Read Journey of the Magi Online

Authors: Barbara Edwards

Tags: #Literature & Fiction, #Contemporary, #Contemporary Fiction, #Holidays, #Romance, #sweet, #Christmas

Journey of the Magi

Table of Contents

Journey of the Magi

Copyright

Praise for Journey of the Magi

Dedication

Chapter One

Chapter Two

Chapter Three

Chapter Four

Chapter Five

Chapter Six

A word about the author...

Thank you for purchasing this publication of The Wild Rose Press, Inc.

Journey
of
the Magi

by

Barbara Edwards

This is a work of fiction. Names, characters, places, and incidents are either the product of the author’s imagination or are used fictitiously, and any resemblance to actual persons living or dead, business establishments, events, or locales, is entirely coincidental.

Journey of the Magi

COPYRIGHT © 2013 by Barbara Edwards

All rights reserved. No part of this book may be used or reproduced in any manner whatsoever without written permission of the author or The Wild Rose Press, Inc. except in the case of brief quotations embodied in critical articles or reviews.

Contact Information: [email protected]

Cover Art by
Debbie Taylor

The Wild Rose Press, Inc.

PO Box 708

Adams Basin, NY 14410-0708

Visit us at www.thewildrosepress.com

Publishing History

First Sweetheart Rose Edition, 2013

Digital ISBN 978-1-62830-007-9

Published in the United States of America

Praise for
Journey of the Magi

“With a deft touch of her brush, word artist Barbara Edwards paints an endearing story that showcases the true meanings of Christmas—love, sacrifice and the wide-eyed hopes of children. Her attention to detail, her ingenious stroke of the brush breathe life and love into this delightful story.”

~Vonnie Davis, award winning romance author

~*~

Praise for Barbara Edwards

“Barbara Edwards writes with passion and conviction.”

~Maggie Toussaint, mystery and romance author

“Barbara Edwards writes engaging and fun stories.”

~multi-published author Stephanie Burkhart

Dedication

To Andy and Dawn

Thanks for the many happy hours playing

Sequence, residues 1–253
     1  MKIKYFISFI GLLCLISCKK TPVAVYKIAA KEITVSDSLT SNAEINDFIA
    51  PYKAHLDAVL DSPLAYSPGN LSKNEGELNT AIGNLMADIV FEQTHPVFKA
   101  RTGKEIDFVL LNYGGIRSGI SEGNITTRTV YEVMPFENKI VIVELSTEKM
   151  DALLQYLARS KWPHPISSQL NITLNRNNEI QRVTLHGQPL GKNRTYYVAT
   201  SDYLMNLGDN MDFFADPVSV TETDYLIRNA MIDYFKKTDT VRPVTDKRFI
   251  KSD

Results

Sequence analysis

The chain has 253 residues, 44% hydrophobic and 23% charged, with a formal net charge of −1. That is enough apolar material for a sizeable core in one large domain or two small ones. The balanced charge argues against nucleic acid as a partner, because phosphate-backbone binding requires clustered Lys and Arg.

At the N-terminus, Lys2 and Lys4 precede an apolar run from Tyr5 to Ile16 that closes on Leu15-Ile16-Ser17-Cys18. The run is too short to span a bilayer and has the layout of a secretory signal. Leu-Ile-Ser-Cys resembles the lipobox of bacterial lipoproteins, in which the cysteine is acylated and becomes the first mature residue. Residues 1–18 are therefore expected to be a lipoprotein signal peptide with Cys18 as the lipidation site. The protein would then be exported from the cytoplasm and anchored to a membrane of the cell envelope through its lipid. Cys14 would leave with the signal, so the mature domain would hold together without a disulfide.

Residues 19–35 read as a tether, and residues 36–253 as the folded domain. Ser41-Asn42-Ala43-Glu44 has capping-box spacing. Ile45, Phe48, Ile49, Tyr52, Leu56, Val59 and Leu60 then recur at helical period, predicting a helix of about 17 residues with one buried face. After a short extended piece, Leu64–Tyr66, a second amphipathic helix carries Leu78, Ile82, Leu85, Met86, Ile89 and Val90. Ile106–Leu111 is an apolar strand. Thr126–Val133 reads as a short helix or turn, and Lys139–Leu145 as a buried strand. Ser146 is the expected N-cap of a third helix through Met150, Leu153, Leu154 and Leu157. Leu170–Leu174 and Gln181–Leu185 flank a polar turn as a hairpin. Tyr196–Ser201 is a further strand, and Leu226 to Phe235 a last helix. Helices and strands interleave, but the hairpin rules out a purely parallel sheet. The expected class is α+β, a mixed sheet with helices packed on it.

Ms. Santa at the Christmas Tree Farm.

Chapter One

“Christmas? Same as last year. Shut the place and go to bed,” Dan Longstreet answered his portly customer.

Ernie’s out-of-shape belly hung over the last stool at the café counter. The mingled odors of frying grease, wet wool, and disinfectant sat heavy in the heated air of Dan’s place. Sleet rattled on the frosted windows.

“That’s a shame, Dan. You need a wife and a couple rug-rats. You should have more holiday spirit, what with Thanksgiving in three days.”

“It’s not the right time, Ernie. So how about finishing up so I can close?”

“I ain’t in no hurry to drive home in this storm. Seems every year these Minnesota snows get earlier in the season.” Ernie smoothed his full white beard before he gestured at the frosted window.

Dan grinned at his friend’s twinkling blue eyes and wheedling expression. “In a few hours these roads will be impassable, and I don’t want you bunking here again. You snore like an asthmatic bull.”

An Arctic blast from the opening door fluttered napkins on the deserted tables in the darkened café, extinguished the two remaining candles, and ruffled the sawdust spread on the floor to absorb the melting snow. Dan casually checked the baseball bat hooked under the counter. Only trouble arrived this late.

His gaze latched onto the petite female and he swore he smelled spring flowers. And sunshine. He couldn’t take his gaze off her as she undid the knitted green muffler wrapped three times around her coat’s up-turned collar to reveal a thin pinched face.

His chest ached with the urge to cradle her in his arms; she looked so cold. Even with her knit hat pulled down over her ears, her high cheekbones and the up-tilted tip of her nose flamed as bright red as a cheap statue of a Christmas elf. She blinked in the bright light.

Dan’s pulse leaped like a startled deer. He knew everyone who frequented the Deer Run Lounge and Café. She was no local wife searching for an overdue husband or one of the three women who made a living, if you could call it that, picking up the lumberjacks and mill workers for an hour or two.

His blood heated, but he managed to control his urges by slowly polishing a clean glass and setting it in the rack for the next day’s trade. He nodded hello.